Standards of care for gender identity disorders are non-binding protocols outlining the usual treatment for individuals who wish to undergo hormonal or surgical transition to the other sex. Clinicians' decisions regarding patients' treatment are often influenced by such SOCs.
Prior to the advent of the first SOCs, there was no semblance of consensus on psychiatric, psychological, medical, and surgical requirements or procedures. Before the 1960s, few countries offered safe, legal medical options and many criminalized cross-gender behaviors or mandated unproven psychiatric treatments. In response to this problem, the Harry Benjamin International Gender Dysphoria Association (HBIGDA) authored one of the earliest sets of clinical guidelines for the express purpose of ensuring "lasting personal comfort with the gendered self in order to maximize overall psychological well-being and self-fulfillment." These standards are still the most well known, however, other sets of SOCs, protocols and guidelines do exist, especially outside the USA.
WPATH Standards of Care for the Health of Transsexual, Transgender, and Gender Nonconforming People[edit | edit source]
- Main article: WPATH Standards of Care
The Standards of Care for Gender Identity Disorders by the Harry Benjamin International Gender Dysphoria Association (HBIGDA-SOC) are the most widespread SOC used by professionals working with transsexual , transgender , or gender variant people. The HBIGDA-SOC are periodically updated and revised. The latest revision was released February 20, 2001. This is the sixth version of the HBIGDA-SOC since the original 1979 document was drafted. Previous revisions were released in 1980, 1981, 1990, and 1998.
Included in the guidelines are sections on epidemiology, mental health professionals, treatment of children, adolescents and adults, hormone replacement therapy , the Real-Life Experience (RLE), which was formerly called the Real-Life Test, and surgery.
It requires one letter for hormone replacement therapy or either augmentation mammoplasty or male chest reconstruction. Two additional letters are needed for genital surgeries. The Eligibility Criteria and Readiness Criteria give certain very specific minimum requirements as prerequisites to HRT or SRS. For this and other reasons, the HBIGDA-SOC is a highly controversial and often maligned document among patients seeking medical intervention (hormones, and/or surgery), who claim that their legally protected right to proper medical care and treatment is unjustly and unduly withheld or even denied based on the SOC.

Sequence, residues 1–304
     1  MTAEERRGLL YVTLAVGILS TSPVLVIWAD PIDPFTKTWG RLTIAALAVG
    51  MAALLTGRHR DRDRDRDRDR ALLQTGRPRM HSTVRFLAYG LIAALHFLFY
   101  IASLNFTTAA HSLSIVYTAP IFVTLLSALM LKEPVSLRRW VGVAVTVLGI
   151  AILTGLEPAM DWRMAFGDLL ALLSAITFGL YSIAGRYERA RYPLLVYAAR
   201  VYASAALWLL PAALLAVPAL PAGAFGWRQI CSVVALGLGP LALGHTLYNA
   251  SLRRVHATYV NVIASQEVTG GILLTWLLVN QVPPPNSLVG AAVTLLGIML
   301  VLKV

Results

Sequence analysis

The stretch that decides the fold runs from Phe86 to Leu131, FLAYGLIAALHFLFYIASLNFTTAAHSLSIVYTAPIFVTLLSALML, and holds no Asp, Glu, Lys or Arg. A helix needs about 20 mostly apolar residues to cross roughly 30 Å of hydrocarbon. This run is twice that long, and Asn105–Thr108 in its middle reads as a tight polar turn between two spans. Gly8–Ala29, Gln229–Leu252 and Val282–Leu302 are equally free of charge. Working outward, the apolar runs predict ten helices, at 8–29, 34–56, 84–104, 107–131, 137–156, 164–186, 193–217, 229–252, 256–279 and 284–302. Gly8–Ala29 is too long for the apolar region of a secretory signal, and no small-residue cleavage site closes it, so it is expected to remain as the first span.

Other SOCs, protocols and guidelines for treatment of GID[edit | edit source]
In some countries or areas, local standards of care exist, such as in the Netherlands, Germany or Italy. Also, some health care providers have their own set of SOCs which have to be followed to have access to health care. The criticism about the HBIGDA-SOCs applies to these as well; some of these SOCs are based on much older versions of the HBIGDA-SOCs, or are entirely independent of them. A more lenient version that has been increasing in acceptance is the Health Law Standards Of Care, developed by the Health Law Project (also known as the ICTLEP guidelines), which is based on a harm-reduction model.
Treatment according to older SOCs is often reserved for transsexual people only, not for other transgender people who for example might not want to undergo the complete set of treatments, or who see themselves outside a binary gender system. Such older SOCs are often used to withhold medical interventions from transgender people altogether.
A dramatic elevation in surgical and post-surgical risks as well as an increased possibility of post-surgical dissatisfaction is often the exchange for lower costs and fewer pre-surgical requirements such as weight limits. In other regions, notably Latin America, surgeons follow no particular set standards and use their own criteria for eligibility for surgery.
In Western countries the emphasis is on psychiatry or psychology, typically in Latin America the emphasis is on the ability to "pass" and in Thailand the emphasis is on cross-living experience.